December 25, 2008


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Valkyrie (PG-13)
Tom Cruise leads a plot to kill Hitler in Valkyrie, a movie whose ruling principle seems to be “more sturm und extra drang.”

Col. Claus von Stauffenberg (Cruise) is disaffected with the Nazi party and Hitler’s leadership. (In this movie, at least, a significant chunk of the German army — portrayed predominantely by British actors — is anti-Nazi.) After surviving the loss of a hand and an eye in Africa, he returns to Germany ripe for the pickings of a resistance that has been planning and occasionally trying (unsuccessfully) to get rid of Hitler, sideline the Nazis and reach some sort of truce with the Allies. The based-on-a-true story actions of this movie take place mostly in 1944, even though, according to Wikipedia, the army-involved resistance movement existed as early as the late 1930s.

Actually, the Wikipedia entries (how did we find information on obscure points of history before Wikipedia?) about Operation Valkyrie (a government plan to restore order to Germany after an Allied invasion or devastating Allied bombing) and the from-inside-the-government plottings of anti-Nazis are a lot more interesting than the way this movie tells the story. Perhaps because the film’s creators thought that we, as an American audience, just wouldn’t sit through a World War II movie with no Allies and all Germans for more than two hours, the movie seems to have condensed a nearly decade-long story into just a few months. And, since we already know how the plot turns out (middle school history class should have spoiled the ending for you), the movie is reduced to turning things like the signing of a document into ridiculously tension-filled moments accompanied by a shrieking hysterical score. Devoid of the subtlety that made Letters from Iwo Jima such a fascinating rumination on war (and it focused on the Japanese for its entire two-plus hours), Valkyrie leaves you feeling nothing for its central characters.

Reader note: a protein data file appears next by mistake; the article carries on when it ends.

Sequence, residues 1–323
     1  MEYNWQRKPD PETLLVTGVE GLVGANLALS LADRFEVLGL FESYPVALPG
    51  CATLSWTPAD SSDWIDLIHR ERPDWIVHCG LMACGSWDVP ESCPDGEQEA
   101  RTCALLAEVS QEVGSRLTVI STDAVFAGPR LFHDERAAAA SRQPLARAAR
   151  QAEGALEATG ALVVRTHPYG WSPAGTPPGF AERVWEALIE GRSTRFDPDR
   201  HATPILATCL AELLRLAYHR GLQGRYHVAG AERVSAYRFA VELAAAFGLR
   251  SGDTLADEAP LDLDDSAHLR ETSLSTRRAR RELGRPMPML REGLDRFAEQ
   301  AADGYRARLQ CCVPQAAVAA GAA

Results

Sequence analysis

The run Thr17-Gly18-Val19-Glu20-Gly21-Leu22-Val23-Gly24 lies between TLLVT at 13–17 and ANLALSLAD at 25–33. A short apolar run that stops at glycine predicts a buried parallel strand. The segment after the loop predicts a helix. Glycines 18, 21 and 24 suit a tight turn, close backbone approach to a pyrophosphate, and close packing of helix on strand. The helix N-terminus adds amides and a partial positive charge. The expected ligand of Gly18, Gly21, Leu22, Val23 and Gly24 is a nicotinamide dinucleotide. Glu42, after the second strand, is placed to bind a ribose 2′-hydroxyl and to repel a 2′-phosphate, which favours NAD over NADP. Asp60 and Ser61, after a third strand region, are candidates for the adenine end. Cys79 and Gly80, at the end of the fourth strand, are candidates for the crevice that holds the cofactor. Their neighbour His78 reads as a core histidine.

The story is an interesting part of World War II history but the movie doesn’t put it in any kind of context. A good movie could be made about the dangers of compromising with a morally corrupt government and how and why people decide to resist. This isn’t that movie. Instead, we feel like we’re watching Kenneth Branagh, Tom Wilkinson, Terrence Stamp and, strangest of all, Eddie Izzard play Germans as part of some World War II reenactment game. The cast seems to take just a bit too much campy delight in all the heel-clicking and the Heil-ing to allow us to take the movie seriously. C

Rated PG-13 for violence and brief strong language. Directed by Bryan Singer and written by Christopher McQuarrie and Nathan Alexander, Valkyrie is two hours long and is distributed by MGM. The movie opens wide on Thursday, Dec. 25.